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High school student Yuval Sprintz
Israeli teen awarded by Facebook for finding WhatsApp security breach
Yuval Sprintz, 17, notifies social network of breach in instant messaging app's browser-based platform allowing users to add fake phone numbers to group chats and add blocked users back into group; Facebook thanks him with a $1,250 prize.
Israeli high schooler Yuval Sprintz from the northern moshav of Tzurit recently discovered a security breach in instant messaging app WhatsApp and reported it to Facebook, which owns the popular app. The social network then fixed the breach and awarded the teen a $1,250 prize.

 

 

Sprintz, 17, is in his last year of school but is simultaneously studying towards a computer science degree at Haifa University. He has also participated in the Davidson Institute of Science Education's Alpha Program, intended for gifted young men and women. The Davidson Institute is the educational arm of the Weizmann Institute of Science.

 

"I began showing an interest in information security at a very young age, and learned about it myself through the internet," Sprintz recounts.

 

Yuval Sprintz was awarded $1,250 for notifying Facebook of a Whatsapp security breach
Yuval Sprintz was awarded $1,250 for notifying Facebook of a Whatsapp security breach
 

A few months ago, Yuval was working on preparing a software tool able to merge two WhatsApp groups. As part of work on the project, he delved deep into the code of WhatsApp Web, the app's browser-based platform.

 

"I played around with some functions and tried doing something cool with them," he said. What he ended up finding, however, was a security breach allowing to add "fake" phone numbers to a WhatsApp group that don't represent any real accounts.

 

Yuval discovered that in exploiting this breach, any user could theoretically add as many other, real, users to the group as they saw fit—as opposed to the current state where only a group's administrator can add new users—even ones previously blocked from the group.

 

Another byproduct of the breach was the ability to add fake users with an exceptionally long phone number, which may lead to the app crashing altogether on certain smartphones.

 

Sprintz contacted Facebook using the social network's "Bug Bounty" program at the end of September. The program allows independent information security specialists to report security breaches to Facebook for a monetary reward. Sprintz used the program to send in the details of the breach he had discovered.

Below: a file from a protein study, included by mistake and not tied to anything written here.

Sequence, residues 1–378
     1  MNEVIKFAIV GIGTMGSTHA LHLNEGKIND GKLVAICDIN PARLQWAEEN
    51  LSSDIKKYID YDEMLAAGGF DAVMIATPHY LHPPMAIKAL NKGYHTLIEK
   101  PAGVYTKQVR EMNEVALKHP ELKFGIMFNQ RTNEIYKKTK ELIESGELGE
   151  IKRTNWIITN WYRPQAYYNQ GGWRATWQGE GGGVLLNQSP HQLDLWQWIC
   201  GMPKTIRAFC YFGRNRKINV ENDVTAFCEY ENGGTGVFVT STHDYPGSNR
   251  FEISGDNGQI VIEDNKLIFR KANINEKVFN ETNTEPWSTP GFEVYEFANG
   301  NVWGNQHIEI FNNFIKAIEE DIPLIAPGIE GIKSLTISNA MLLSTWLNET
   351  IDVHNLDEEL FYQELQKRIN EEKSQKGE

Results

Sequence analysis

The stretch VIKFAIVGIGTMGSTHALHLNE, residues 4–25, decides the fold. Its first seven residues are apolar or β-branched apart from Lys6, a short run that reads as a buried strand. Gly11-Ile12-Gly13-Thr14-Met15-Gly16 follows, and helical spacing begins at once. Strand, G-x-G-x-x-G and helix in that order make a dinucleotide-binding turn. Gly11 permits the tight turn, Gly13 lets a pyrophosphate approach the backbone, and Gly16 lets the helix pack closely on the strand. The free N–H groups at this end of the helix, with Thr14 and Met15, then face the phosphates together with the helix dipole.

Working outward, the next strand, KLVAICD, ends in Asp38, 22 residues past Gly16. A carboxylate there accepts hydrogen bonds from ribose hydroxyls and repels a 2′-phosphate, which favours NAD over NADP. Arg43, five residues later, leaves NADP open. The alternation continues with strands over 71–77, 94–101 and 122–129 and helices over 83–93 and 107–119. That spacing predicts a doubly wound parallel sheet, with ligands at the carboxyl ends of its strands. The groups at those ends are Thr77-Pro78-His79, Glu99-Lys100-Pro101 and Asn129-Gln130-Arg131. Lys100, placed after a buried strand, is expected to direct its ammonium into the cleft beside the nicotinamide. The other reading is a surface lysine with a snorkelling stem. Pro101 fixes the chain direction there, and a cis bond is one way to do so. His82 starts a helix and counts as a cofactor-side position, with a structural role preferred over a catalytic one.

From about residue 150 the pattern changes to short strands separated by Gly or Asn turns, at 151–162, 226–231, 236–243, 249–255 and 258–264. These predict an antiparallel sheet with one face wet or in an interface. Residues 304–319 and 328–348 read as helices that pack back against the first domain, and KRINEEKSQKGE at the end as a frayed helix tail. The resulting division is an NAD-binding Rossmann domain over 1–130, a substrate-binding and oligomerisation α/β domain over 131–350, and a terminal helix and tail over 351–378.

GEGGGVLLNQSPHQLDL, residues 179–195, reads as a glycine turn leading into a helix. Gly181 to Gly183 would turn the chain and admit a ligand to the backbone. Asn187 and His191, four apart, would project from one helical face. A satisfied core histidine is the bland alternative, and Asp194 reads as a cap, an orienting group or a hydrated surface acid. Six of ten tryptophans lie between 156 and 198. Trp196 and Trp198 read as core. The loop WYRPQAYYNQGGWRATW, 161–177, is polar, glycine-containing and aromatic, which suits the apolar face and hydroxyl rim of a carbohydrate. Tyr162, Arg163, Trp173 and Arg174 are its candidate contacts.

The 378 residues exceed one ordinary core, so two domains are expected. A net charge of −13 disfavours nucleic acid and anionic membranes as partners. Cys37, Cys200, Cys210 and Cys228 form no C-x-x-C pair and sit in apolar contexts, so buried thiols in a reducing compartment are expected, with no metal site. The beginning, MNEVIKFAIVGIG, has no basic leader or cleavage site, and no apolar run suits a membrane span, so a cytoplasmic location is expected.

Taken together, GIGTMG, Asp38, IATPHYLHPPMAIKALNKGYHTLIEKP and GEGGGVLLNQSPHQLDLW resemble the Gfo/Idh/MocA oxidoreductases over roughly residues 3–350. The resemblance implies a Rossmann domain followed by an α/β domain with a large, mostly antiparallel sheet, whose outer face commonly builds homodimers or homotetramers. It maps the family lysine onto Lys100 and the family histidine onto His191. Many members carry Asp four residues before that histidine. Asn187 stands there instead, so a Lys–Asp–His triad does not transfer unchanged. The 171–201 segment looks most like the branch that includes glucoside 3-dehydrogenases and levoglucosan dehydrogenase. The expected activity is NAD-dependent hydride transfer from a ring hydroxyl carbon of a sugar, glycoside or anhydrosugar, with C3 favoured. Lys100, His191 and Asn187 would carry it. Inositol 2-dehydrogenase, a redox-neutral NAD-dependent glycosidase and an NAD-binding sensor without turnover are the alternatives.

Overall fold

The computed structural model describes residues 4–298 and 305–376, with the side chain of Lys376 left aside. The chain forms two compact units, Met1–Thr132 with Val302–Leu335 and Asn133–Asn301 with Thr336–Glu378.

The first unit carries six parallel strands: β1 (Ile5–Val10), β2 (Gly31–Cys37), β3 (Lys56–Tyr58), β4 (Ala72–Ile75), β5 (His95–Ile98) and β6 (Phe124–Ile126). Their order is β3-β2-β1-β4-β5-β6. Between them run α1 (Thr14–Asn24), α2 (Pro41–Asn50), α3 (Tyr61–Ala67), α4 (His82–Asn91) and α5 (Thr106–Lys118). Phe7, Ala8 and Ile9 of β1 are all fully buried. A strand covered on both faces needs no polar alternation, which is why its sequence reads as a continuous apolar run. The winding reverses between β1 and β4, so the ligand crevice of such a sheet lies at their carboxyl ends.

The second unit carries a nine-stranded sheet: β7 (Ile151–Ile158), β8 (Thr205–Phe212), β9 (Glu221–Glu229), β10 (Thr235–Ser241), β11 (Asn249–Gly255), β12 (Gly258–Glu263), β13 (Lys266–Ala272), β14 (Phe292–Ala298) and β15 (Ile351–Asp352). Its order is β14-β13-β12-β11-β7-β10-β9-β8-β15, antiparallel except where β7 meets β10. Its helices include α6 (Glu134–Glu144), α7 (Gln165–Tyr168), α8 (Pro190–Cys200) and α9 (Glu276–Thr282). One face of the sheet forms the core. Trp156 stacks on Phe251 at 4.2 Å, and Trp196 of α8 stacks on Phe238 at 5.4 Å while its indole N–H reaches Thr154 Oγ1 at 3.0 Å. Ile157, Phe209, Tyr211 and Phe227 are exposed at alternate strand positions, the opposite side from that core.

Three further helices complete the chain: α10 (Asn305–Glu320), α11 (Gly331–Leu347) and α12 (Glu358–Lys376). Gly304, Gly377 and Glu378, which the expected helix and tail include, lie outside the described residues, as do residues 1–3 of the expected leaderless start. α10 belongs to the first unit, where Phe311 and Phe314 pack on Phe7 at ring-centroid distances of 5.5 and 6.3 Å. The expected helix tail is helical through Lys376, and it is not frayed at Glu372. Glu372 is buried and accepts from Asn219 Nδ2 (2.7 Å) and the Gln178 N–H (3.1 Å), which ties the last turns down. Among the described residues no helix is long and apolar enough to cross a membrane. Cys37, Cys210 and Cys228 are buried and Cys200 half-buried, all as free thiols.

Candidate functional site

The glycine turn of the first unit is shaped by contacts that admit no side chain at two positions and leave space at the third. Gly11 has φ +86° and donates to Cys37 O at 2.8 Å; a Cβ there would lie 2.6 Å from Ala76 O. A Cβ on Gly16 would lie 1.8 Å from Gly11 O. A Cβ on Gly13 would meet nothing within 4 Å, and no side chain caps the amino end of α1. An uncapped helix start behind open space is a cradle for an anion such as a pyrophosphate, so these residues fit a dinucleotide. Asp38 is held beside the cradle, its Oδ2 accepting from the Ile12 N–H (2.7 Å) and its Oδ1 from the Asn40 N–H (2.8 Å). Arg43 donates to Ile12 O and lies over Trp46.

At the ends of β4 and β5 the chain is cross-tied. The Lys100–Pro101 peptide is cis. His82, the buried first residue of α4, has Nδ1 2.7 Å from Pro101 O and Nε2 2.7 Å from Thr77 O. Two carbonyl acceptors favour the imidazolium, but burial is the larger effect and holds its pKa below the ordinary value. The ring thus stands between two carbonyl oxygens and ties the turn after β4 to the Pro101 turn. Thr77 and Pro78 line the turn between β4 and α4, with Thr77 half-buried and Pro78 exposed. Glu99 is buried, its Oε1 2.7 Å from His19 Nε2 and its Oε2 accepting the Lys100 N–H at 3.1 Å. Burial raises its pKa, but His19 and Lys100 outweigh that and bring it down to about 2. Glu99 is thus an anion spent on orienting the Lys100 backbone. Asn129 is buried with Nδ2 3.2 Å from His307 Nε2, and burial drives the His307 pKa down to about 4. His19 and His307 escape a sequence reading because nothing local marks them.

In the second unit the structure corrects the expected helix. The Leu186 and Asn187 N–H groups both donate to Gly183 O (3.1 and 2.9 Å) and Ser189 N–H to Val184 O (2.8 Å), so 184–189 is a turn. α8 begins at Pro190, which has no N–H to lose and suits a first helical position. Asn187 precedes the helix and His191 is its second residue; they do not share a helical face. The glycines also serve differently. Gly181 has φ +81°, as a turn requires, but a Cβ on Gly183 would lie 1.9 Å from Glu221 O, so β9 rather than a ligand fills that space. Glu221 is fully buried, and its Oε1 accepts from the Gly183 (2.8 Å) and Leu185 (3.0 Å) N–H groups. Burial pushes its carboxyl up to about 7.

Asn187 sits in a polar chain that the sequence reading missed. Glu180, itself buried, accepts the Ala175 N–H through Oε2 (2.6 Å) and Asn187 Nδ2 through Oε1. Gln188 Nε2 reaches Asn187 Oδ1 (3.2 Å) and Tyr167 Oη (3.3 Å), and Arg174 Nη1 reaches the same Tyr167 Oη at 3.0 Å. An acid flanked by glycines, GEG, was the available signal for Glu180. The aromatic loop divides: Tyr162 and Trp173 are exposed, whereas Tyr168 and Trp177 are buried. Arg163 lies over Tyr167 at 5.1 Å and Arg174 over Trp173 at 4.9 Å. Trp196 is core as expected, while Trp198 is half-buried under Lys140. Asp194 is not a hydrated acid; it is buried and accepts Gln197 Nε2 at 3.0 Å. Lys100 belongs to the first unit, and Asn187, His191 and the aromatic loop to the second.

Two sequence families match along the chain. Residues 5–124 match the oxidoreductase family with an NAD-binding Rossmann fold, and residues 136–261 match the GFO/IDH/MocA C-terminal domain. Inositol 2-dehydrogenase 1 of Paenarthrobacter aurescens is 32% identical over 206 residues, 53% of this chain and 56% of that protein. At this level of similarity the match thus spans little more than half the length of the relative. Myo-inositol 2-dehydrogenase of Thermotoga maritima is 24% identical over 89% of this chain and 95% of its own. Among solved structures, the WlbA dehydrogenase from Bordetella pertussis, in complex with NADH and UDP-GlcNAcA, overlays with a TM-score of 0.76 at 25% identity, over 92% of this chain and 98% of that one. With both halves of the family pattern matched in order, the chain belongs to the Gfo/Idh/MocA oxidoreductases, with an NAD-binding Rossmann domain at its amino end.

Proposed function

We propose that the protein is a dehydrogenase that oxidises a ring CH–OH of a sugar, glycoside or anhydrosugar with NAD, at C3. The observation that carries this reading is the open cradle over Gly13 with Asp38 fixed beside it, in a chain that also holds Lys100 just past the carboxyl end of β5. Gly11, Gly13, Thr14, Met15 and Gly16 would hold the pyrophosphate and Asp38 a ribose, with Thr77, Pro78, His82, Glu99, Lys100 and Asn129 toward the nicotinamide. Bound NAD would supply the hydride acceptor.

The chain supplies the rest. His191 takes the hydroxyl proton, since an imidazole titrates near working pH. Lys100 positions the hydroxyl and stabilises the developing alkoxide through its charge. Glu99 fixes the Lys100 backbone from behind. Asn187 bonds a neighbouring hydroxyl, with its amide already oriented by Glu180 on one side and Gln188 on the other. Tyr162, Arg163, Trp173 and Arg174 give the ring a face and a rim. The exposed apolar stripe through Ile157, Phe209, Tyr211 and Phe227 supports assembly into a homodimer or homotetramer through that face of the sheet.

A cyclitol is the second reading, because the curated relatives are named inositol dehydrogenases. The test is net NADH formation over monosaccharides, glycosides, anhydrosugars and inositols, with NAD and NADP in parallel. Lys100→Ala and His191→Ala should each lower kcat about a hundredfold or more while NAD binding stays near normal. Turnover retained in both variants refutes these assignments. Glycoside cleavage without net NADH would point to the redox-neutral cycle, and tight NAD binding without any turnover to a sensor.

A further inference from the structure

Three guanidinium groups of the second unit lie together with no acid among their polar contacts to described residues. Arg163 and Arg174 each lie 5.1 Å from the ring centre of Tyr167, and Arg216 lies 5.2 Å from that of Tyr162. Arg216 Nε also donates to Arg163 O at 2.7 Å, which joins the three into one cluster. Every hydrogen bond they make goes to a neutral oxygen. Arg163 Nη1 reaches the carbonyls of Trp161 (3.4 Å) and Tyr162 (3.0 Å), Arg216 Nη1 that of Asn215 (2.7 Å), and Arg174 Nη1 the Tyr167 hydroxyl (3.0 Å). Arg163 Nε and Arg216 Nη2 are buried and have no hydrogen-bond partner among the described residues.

Illustration (Photo: Shutterstock)
Illustration (Photo: Shutterstock)

 

While it took several weeks for Facebook representatives to respond, they ended up sealing the breach with an update to the program. The company's representative thanked Yuval, congratulated him on finding the breach and notified him he is set to receive a $1,250 reward.

 

Asked what he planned to do with the money, Sprintz responded: "I recently bought a powerful new computer, so the reward can go a long way towards that."

 

Facebook commented on his find, saying: "We're grateful the matter was brought to our attention. We quickly fixed the breach and awarded the researcher with a prize through our Bug Bounty program. The vulnerability he found could have allowed users to add someone who was blocked to group chats. We took care of the matter and know of no previous attempts to exploit it."

 

Alpha Program Director Dr. Orni Meerbaum Salant said, "Yuval is a graduate of the program, and we were able to tell he was an intelligence and creative person right from his physics research paper. Finding the Facebook breach came as no surprise. The Davidson Institute's gifted program brings together young men and women of similar ages with similar language and needs and allows them to receive intellectual stimulation while developing social skills and learning teamwork."

 

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